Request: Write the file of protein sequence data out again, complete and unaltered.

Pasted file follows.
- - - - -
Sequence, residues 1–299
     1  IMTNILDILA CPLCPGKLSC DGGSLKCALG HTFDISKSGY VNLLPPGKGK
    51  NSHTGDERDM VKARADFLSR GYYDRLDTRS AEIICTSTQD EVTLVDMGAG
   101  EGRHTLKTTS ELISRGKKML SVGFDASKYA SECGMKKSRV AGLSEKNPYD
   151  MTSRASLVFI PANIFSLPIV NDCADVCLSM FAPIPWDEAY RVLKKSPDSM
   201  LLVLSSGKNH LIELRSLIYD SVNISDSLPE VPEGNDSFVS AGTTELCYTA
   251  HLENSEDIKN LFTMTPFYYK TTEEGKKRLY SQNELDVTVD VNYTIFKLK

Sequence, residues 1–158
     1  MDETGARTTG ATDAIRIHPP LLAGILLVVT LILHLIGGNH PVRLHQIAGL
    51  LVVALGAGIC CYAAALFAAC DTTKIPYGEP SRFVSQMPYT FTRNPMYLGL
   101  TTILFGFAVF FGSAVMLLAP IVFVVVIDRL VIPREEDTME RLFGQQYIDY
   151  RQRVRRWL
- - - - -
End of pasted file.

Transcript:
Sequence, residues 1–299
     1  IMTNILDILA CPLCPGKLSC DGGSLKCALG HTFDISKSGY VNLLPPGKGK
    51  NSHTGDERDM VKARADFLSR GYYDRLDTRS AEIICTSTQD EVTLVDMGAG
   101  EGRHTLKTTS ELISRGKKML SVGFDASKYA SECGMKKSRV AGLSEKNPYD
   151  MTSRASLVFI PANIFSLPIV NDCADVCLSM FAPIPWDEAY RVLKKSPDSM
   201  LLVLSSGKNH LIELRSLIYD SVNISDSLPE VPEGNDSFVS AGTTELCYTA
   251  HLENSEDIKN LFTMTPFYYK TTEEGKKRLY SQNELDVTVD VNYTIFKLK

Sequence, residues 1–158
     1  MDETGARTTG ATDAIRIHPP LLAGILLVVT LILHLIGGNH PVRLHQIAGL
    51  LVVALGAGIC CYAAALFAAC DTTKIPYGEP SRFVSQMPYT FTRNPMYLGL
   101  TTILFGFAVF FGSAVMLLAP IVFVVVIDRL VIPREEDTME RLFGQQYIDY
   151  RQRVRRWL